Council Discusses Vehicle Policy
The Jamestown City Council could be implementing a new policy prohibiting drugs and alcohol in city-owned vehicles
On Monday during the council work session meeting, the discussion was about updating the city vehicle policy to add language stating “any use or possesion of any form of drugs and/or alcohol in any city-owned vehicle is grounds for disciplinary action up to and including termination.”
No city administrator or council member stated what caused the proposed change in the city vehicle policy. However, Brent Sheldon, Ward 1 councilman, said there was an employee complaint in 2019 that involved drugs and/or alcohol in a city vehicle.
“It wasn’t in the policy (at the time), but it will be now,” he said.
Marie Carrubba, Ward 4 councilwoman, asked if drugs in police vehicles would be exempt from the policy because officers frequently transport drugs that have been confiscated, which includes transporting prescription drugs dropped off at the police department to UPMC Chautauqua.
“You might want to do that to be on the safe side,” she said.
Elliot Raimondo, city corporation counsel, said an exemption can be added to the policy.
Matthew Coon, deputy fire chief, asked for fire department personnel to be included too because often EMTs transport a patient’s medication.
Jeff Russell, At-Large councilman, asked if the policy includes exempting an employee’s personal prescriptions from their doctors.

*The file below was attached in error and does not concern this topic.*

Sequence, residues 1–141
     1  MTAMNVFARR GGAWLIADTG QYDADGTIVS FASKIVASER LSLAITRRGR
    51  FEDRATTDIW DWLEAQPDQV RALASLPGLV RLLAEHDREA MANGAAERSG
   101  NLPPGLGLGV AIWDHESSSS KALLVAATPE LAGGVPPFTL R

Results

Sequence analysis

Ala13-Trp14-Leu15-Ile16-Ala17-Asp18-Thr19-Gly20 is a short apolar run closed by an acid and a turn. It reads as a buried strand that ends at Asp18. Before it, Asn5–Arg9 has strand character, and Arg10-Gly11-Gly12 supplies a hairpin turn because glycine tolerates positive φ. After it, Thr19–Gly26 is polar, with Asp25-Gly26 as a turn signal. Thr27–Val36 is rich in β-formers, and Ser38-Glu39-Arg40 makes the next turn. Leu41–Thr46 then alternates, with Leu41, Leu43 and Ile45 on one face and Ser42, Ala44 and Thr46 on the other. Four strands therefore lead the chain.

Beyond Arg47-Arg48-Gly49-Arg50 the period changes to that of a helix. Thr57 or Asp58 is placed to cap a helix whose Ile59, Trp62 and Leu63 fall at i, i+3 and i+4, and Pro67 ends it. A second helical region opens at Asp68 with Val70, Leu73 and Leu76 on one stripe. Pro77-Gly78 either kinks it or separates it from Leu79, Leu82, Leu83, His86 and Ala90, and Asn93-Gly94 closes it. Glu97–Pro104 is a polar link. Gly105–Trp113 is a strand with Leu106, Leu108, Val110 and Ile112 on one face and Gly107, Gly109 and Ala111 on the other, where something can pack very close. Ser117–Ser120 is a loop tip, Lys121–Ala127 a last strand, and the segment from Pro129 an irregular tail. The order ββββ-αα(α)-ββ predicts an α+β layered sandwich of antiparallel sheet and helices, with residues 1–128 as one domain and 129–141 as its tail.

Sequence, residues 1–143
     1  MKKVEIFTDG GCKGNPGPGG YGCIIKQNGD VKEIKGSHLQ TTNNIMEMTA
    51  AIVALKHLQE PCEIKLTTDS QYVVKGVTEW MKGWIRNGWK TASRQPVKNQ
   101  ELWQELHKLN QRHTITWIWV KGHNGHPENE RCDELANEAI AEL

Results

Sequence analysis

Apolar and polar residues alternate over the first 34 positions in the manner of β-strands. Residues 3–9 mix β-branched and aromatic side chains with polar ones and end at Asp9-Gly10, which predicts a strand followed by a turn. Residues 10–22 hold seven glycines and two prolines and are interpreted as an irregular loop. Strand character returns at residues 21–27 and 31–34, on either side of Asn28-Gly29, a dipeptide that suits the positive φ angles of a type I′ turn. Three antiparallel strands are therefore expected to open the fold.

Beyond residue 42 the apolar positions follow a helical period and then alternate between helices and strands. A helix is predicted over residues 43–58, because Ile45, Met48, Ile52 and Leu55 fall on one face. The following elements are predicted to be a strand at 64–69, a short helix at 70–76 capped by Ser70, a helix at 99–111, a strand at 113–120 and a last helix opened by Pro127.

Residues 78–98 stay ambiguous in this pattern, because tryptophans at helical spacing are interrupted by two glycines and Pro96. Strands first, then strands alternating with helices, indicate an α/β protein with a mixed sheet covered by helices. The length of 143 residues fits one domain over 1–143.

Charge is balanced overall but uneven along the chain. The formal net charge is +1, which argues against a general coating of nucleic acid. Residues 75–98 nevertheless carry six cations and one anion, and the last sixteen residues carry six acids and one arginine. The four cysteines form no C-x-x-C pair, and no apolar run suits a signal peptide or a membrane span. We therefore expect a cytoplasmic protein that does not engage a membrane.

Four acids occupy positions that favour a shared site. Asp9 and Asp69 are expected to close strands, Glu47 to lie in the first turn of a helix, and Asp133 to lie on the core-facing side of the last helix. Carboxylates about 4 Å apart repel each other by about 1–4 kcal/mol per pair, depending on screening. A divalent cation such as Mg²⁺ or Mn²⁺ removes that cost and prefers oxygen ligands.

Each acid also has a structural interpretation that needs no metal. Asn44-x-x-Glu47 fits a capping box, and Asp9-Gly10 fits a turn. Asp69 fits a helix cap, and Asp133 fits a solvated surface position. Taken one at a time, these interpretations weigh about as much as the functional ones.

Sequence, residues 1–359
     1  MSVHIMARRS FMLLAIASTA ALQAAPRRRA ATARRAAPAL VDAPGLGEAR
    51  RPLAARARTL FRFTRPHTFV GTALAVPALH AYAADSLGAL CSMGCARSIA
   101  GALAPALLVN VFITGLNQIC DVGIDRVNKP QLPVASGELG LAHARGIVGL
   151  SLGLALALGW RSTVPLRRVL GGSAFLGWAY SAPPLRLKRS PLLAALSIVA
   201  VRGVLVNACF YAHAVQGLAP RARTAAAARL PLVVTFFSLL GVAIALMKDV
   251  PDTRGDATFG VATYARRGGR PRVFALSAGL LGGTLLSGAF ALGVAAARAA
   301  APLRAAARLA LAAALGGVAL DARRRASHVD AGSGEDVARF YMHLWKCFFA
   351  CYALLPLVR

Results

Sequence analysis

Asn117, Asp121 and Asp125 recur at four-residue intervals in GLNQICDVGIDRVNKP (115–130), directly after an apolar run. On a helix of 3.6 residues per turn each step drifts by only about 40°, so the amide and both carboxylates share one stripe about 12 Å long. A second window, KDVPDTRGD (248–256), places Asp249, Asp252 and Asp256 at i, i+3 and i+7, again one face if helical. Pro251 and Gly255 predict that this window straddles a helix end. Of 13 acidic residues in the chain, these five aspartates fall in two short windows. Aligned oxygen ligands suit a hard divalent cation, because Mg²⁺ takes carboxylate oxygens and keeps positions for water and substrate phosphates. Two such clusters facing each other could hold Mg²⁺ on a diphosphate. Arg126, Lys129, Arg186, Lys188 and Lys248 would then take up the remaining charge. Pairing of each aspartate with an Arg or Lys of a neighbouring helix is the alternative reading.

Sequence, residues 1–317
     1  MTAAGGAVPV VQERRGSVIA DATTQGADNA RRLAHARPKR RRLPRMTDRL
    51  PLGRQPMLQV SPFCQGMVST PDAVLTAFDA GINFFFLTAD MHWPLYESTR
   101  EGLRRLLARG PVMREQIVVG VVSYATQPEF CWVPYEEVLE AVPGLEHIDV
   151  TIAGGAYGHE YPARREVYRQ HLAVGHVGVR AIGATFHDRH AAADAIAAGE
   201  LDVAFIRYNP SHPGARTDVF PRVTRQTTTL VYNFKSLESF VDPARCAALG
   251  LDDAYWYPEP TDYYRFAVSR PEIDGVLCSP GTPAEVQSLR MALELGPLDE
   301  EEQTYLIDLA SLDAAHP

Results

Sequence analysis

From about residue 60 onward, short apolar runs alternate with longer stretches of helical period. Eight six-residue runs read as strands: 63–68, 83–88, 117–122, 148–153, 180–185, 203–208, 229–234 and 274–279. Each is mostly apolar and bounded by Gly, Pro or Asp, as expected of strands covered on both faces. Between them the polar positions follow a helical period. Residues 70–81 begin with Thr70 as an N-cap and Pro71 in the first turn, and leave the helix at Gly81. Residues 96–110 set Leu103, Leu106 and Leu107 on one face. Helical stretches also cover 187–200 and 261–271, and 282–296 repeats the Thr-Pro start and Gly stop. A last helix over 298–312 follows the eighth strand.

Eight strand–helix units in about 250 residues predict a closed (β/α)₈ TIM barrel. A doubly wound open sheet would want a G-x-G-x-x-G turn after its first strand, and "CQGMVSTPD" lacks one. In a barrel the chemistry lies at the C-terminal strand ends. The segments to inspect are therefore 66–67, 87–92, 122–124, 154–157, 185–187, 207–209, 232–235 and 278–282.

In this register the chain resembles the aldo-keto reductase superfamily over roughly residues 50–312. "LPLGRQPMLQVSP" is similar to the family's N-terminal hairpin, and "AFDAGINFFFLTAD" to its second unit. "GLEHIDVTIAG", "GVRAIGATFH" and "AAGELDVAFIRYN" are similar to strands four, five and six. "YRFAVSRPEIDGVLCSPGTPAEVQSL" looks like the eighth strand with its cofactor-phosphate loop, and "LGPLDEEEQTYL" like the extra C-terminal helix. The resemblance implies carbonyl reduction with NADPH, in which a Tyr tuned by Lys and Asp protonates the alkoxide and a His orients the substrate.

Jamestown Mayor Eddie Sundquist said the policy will be examined to make sure the council’s suggestions are included.
“We will look into it,” he said. “We will pull other city policies and see what we find.”
In other business, the council discussed possible changes to the city’s management guidelines. Sundquist said potential changes include position name changes, which includes using the term administrative assistant instead of secretary. He said the changes will also include specialized leave to correlate with state laws. He added an additional change would be to have the police chief/public safety director salary be combined instead of a base salary for the chief and a stipend for being public safety director. He said the salary for the police chief would change to a range instead of a step schedule, which would also be done for the deputy chief position as well.
The council also discussed a resolution to hire Passport Labs of Charlotte, N.C., for the purposes of providing parking enforcement services, advanced collection services and a mobile payment solution for the period of Jan. 1 to Dec. 31, 2023.
Ryan Thompson, city comptroller, said city officials received three bids for the services. According to a city staff report, the city’s current contract with Passport Labs expired in July of last year.
However, because of the pandemic, the request for proposals was delayed to the end of the year after a short-term contract with Passport was approved by the council in August. Passport Labs was selected because it was the most competitive bid due to no start-up costs, low monthly payments and mobile pay solution. The pricing structure will be the same as before.